SHINE: The Daily Post Photo Challenge, 21 October 2016

  • Has something bright or reflective caught your eye in the moment? Share a photo of something you were able to explore a bit!

— Nancy Thanki, The Daily Post


Behind San Francisco’s Ferry Building, A Few Days Ago


Bush Street, San Francisco, After Light Rain


In Situ, Ground Floor, San Francisco MOMA

Stay tuned, dear blog readers. Stay

Local 3: Favorites, San Francisco Bay Area

” . . . who is local — the people and places we know by heart.”

— Jen H., The Daily Post Photo Challenge, 13 October 2016

The people and places we return to, again and again, cannot be dislodged from the heart!

Below, three of self’s favorite local places:


Señor Sisig: A Filipino Fusion Food Truck. Today’s sighting was in the Financial District.


Patrons at the Legion of Honor, Looking at a Vintage Poster of Sutro Baths


Half Moon Bay, CA

Stay tuned, dear blog readers. Stay tuned.

American Quests

Self loves signage, she does not know why.




An Ed Ruscha, Seen at the de Young in Golden Gate Park

Stay tuned, dear blog readers. Stay tuned.

Other Quests

Liking these WordPress bloggers’ takes on this week’s Photo Challenge:  QUEST

Check them out!

Stay tuned.

Quest: Daily Post Photo Challenge, 23 September 2016

We have a new Daily Post Photo Challenge, dropped today by Cheri Lucas Rowlands, QUEST:

  • What are you in search for? Capture your quest with your camera.

Here are some photos from self’s (huge) stash of photos that she thinks emblemize QUEST:


An Ed Ruscha: Currently on Exhibit at the De Young Museum

And here’s from a handmade book self saw at the Legion of Honor:


Illustrated Book at the Legion of Honor, Text is by San Francisco Poet Wallace Ting

Every new story is a quest. Here are two pages of her draft for “Ice” (forthcoming from Bellingham Review):


Two Pages of Self’s Manuscript for “Ice,” One of Her Dystopian Fantasies

Stay tuned, dear blog readers. Stay tuned.


Edgy de Young Museum

Several weeks ago, self spent a day at the de Young, to see an Ed Ruscha exhibit.

My goodness, it was amazing.

She took a break for coffee in the sculpture garden. Here’s the pedestrian walkway over the café’s outdoor seating. VERY edgy:


Pedestrian Walkway, de Young Museum, Golden Gate Park

Entrance lobby of the de Young: Everything is edgy.


Looking down at the Main Lobby from the second floor: You really see edges!

Finally, an “End” is an EDGE. Of sorts:


Ed Ruscha’s “The End,” Viewed in the de Young Museum in Golden Gate Park, August 2016

Stay tuned, dear blog readers. Stay tuned.

Poetry in the Galleries/ Legion of Honor

Participants in the Poetry in the Galleries project were 4th through 8th graders from the San Francisco Bay Area.

The students were invited to write a poem in response to an object in the Legion of Honor’s ancient art galleries.

Some of the results were published in a small pamphlet and distributed by the Fine Arts Museums.

Here’s one of self’s favorites:

Black-Glaze Mug, South Italian, mid-4th century BC

Small, insignificantly small.
Ancient people used me for reasons unknown.
I am a black mystery to the future of people.

— Matthew Gallelo, 8th Grade, Immaculate Heart of Mary School, Belmont

Stay tuned, dear blog readers Stay tuned.

Mirror 2


Dining Table, Park Avenue, New York City, May 2016


Puddle, Tyrone Guthrie Centre at Annaghmakerrig, Spring 2016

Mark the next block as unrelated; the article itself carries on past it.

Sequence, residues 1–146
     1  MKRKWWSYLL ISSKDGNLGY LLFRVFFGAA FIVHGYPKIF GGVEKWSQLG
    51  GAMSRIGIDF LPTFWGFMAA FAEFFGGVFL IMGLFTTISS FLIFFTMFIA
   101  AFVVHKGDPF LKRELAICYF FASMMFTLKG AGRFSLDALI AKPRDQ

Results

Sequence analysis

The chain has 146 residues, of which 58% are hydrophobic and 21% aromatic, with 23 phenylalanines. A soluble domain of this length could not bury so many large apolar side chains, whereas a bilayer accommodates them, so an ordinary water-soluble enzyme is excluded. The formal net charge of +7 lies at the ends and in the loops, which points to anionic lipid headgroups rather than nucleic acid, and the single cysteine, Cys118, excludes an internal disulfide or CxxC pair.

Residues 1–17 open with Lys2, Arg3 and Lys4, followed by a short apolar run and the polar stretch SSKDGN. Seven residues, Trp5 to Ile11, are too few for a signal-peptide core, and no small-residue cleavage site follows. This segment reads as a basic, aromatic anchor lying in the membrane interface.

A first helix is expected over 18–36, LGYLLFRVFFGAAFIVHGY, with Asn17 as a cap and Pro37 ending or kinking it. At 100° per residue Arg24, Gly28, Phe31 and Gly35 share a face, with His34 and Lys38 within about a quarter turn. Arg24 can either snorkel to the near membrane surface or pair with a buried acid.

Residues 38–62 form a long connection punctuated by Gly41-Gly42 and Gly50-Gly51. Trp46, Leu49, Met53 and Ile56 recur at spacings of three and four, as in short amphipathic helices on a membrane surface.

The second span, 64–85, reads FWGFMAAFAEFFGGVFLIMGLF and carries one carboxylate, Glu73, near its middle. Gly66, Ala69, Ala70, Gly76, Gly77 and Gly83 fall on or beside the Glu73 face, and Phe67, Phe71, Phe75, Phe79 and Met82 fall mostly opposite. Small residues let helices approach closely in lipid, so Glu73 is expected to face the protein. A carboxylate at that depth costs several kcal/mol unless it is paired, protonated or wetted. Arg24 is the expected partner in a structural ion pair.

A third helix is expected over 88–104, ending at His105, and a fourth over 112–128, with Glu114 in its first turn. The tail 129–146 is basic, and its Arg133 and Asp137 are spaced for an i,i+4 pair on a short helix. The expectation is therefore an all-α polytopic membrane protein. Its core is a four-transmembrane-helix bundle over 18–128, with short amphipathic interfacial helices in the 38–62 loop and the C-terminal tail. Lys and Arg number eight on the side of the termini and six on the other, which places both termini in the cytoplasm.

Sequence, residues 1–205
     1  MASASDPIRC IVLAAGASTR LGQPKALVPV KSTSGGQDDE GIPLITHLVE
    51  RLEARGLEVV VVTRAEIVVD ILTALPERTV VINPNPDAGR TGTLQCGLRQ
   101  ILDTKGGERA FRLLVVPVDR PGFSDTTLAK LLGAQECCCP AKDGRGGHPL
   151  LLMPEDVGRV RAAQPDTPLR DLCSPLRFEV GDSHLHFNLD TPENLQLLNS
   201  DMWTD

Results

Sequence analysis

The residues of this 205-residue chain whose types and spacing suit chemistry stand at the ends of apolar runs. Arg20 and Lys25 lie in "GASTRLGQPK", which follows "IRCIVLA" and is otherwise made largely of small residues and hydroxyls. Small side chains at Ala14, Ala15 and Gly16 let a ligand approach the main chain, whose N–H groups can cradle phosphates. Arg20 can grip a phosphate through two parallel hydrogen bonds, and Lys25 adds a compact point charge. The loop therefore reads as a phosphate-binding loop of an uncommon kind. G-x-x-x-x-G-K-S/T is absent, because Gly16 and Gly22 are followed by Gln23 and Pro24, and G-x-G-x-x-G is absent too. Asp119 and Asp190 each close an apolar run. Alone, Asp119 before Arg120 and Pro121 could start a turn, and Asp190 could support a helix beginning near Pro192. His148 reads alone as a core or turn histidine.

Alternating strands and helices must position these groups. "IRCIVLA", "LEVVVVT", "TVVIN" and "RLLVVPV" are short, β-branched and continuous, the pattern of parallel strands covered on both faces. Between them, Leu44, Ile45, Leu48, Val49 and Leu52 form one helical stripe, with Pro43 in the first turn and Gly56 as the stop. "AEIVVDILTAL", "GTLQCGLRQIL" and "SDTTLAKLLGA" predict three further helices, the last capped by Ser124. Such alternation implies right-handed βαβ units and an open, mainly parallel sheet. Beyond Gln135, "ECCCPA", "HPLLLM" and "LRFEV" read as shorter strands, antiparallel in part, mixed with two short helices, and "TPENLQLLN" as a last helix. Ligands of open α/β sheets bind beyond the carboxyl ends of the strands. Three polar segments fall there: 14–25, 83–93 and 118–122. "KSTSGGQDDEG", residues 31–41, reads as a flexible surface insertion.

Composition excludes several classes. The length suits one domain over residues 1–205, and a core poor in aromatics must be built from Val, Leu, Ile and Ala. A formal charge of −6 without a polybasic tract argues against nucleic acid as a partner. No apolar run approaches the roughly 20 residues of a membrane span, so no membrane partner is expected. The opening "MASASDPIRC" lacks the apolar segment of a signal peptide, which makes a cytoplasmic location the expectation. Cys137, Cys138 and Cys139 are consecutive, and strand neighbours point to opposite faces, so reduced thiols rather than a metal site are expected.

The Iron Lady Herself, British National Portrait Gallery, April 2016: The bottom half of the painting is actually a mirror, reflecting the legs of the viewers. But they look like they’re the legs of the subjects in the Portrait!

Stay tuned, dear blog readers. Stay tuned.

Mirror: The Daily Post Photo Challenge, 2 September 2016

  • This week’s challenge is all about reflections.

— Jen H., The Daily Post

Here is self’s first take:

Noelle Q. de Jesus reading from her first short story collection, Blood, at the San Francisco Main Library, 100 Larkin Street, 23 August 2016:

(The table is a reflective surface)


Noelle Q. de Jesus (in red and black top) and Edwin Lozada, who organized the reading: August 23, 2016, San Francisco Main Library

A man is reflected in an Ed Ruscha work at the de Young Museum in San Francisco’s Golden Gate Park, about a month ago:


An Ed Ruscha at the de Young Museum, August 2016

Final photo: the sculpture garden at the de Young Museum, August 2016. That refective ball is pretty fabulous!


Sculpture Garden, outside the de Young Museum in Golden Gate Park, August 2016

Stay tuned, dear blog readers. Stay tuned.

Edward Hopper, Jo Hopper, and the Whitney Museum

This passage is too sad. Jo Hopper, Edward Hopper’s wife, was a painter. But she painted very little after she married (She was 41, Edward was almost 42).

. . .  it is almost impossible to form a judgement of Jo Hopper’s work, since so little of it has survived. Edward left everything to his wife, asking that she bequeath his art to the Whitney, the institution with which he’d had the closest ties. After his death, she donated both his and the majority of her own artistic estates to the museum, even though she’d felt from the moment of her marriage that she’d been a victim of a boycott by the curators there. Her disquiet was not unwarranted. After her death, the Whitney discarded all her paintings, perhaps because of their calibre and perhaps because of the systematic undervaluing of women’s art against which she’d railed so bitterly in her own life.

— “Walls of Glass,” Essay # 2 in Olivia Laing’s The Lonely City: Adventures in the Art of Being Alone



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